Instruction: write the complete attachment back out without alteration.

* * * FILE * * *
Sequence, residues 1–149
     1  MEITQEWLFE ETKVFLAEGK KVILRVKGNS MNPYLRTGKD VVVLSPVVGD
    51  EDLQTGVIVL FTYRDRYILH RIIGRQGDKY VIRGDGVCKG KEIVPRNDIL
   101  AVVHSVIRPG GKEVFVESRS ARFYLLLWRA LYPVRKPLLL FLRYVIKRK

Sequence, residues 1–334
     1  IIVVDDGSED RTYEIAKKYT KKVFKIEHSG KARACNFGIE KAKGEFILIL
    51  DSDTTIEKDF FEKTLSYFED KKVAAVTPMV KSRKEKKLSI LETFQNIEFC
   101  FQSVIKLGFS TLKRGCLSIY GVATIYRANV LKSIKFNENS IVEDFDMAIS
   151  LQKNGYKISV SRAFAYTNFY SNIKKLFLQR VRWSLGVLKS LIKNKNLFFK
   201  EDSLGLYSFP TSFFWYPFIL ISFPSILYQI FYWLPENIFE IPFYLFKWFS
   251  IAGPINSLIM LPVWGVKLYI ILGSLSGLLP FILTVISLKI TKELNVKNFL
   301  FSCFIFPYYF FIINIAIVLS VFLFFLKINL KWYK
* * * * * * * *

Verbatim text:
Sequence, residues 1–149
     1  MEITQEWLFE ETKVFLAEGK KVILRVKGNS MNPYLRTGKD VVVLSPVVGD
    51  EDLQTGVIVL FTYRDRYILH RIIGRQGDKY VIRGDGVCKG KEIVPRNDIL
   101  AVVHSVIRPG GKEVFVESRS ARFYLLLWRA LYPVRKPLLL FLRYVIKRK

Sequence, residues 1–334
     1  IIVVDDGSED RTYEIAKKYT KKVFKIEHSG KARACNFGIE KAKGEFILIL
    51  DSDTTIEKDF FEKTLSYFED KKVAAVTPMV KSRKEKKLSI LETFQNIEFC
   101  FQSVIKLGFS TLKRGCLSIY GVATIYRANV LKSIKFNENS IVEDFDMAIS
   151  LQKNGYKISV SRAFAYTNFY SNIKKLFLQR VRWSLGVLKS LIKNKNLFFK
   201  EDSLGLYSFP TSFFWYPFIL ISFPSILYQI FYWLPENIFE IPFYLFKWFS
   251  IAGPINSLIM LPVWGVKLYI ILGSLSGLLP FILTVISLKI TKELNVKNFL
   301  FSCFIFPYYF FIINIAIVLS VFLFFLKINL KWYK